The Legacy of Dr. Alan Gordon and Norbert Lussier C.E.T.
The legacy of Dr. Alan Gordon, distinguished scientist and forester, lives on in the records, photos, and memories of his career partner, Norbert Lussier, Certified Engineering Technologist (C.E.T.).
A mutual interest in Ontario Red Spruce (Picea rubens) connected us to Norbert, who contacted us after reading the information on the Trees Canadensis web site about a mature Red Spruce population in Ottawa’s eastern greenbelt. We call this 145 acre parcel of land the Alan Gordon Acadian Forest. Dr. Gordon, of Sault Ste. Marie’s Forest Research Institute, recorded the first global record of Red Spruce in Ontario in 1950. He also conducted research on Red Spruce trees in the area of his eponymous forest and likely walked beneath their boughs there.
Now in his eighties, Norbert met us at his retirement home in Russell where he generously shared his knowledge and memories.
Norbert attended Ryerson University and studied chemistry. He worked for Dr. Gordon as a summer student in 1960 and was offered employment in 1961 with the Ministry of Natural Resources – Ontario Forest Research Institute.
Our conversation and questions flowed from the pile of scientific publications, conference papers, and photographs that Norbert had preserved. We now have references for many articles about spruce in Ontario that we need to track down. One binder – only two copies exist, one with Norbert and one in Dr. Gordon’s archives – contains detailed research project information.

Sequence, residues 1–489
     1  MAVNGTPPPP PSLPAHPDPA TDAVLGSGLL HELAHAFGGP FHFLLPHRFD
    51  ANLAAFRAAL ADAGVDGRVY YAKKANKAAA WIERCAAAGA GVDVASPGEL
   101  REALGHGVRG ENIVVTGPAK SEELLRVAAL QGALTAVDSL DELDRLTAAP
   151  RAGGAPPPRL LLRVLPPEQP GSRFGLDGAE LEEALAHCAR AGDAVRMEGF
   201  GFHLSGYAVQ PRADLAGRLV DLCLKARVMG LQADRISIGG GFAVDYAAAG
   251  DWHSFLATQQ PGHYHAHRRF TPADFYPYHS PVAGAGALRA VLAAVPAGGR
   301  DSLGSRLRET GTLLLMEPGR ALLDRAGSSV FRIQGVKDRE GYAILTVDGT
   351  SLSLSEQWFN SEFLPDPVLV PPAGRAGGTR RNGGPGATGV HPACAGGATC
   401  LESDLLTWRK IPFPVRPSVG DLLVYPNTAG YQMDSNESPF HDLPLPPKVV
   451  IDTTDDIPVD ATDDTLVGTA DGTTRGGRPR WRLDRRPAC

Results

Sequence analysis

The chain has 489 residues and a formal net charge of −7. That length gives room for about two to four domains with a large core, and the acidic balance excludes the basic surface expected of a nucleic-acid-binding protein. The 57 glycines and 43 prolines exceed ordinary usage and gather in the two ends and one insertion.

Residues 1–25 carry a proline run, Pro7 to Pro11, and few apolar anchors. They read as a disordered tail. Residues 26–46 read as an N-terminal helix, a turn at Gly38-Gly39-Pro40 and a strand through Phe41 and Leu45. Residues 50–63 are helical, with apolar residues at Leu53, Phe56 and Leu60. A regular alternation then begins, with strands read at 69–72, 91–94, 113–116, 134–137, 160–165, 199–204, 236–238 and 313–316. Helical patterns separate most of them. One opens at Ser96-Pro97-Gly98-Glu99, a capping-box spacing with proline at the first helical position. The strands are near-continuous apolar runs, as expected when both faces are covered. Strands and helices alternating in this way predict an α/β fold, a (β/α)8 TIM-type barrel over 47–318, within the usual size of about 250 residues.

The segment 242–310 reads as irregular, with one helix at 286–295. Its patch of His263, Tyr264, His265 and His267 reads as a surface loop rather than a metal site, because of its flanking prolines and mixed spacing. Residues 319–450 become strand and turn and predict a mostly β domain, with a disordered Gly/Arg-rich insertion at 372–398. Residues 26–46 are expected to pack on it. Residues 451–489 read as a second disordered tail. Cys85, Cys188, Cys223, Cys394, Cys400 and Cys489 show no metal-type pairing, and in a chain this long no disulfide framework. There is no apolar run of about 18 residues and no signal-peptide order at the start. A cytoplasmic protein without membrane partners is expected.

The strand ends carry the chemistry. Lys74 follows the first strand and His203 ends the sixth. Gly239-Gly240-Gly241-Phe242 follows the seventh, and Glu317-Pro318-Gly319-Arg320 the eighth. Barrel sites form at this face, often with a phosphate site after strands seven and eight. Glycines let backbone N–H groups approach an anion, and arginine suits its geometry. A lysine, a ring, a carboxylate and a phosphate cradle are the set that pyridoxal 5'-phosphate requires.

We learned many things about Dr. Gordon’s research. He experimented with the crossability of spruce species, including the viability of hybridizing various native Canadian spruce species with two rare, high elevation species from Mexico: P. mexicana and P. chihuahuana. He also established various “Picetums” in Ontario (e.g. Scott Lake in Algonquin Park and Batchawana in Sault Ste. Marie), which were plantations for running experiments.
Red Spruce was much more prevalent in Ontario than today. Loggers preferentially cut Red Spruce due to its straight grain and its strength in proportion to its weight. It was logged out in all but a few areas where small, isolated populations remain today.
So a delightful highlight of our visit was Norbert’s identification of scattered Red Spruce populations that we were not aware of, south and west of Ottawa. Norbert and Dr. Gordon discovered many of these populations by cruising back roads and logging tracks and spotting the trees from the car. Norbert remembers roads, landmarks, and intersections that will provide opportunities for many field trips to see what has happened to these trees in the last 20 to 40 years.
We look forward to working with Norbert and sharing what we find today, preserving and building on the legacy of two fine, Ontario forestry scientists.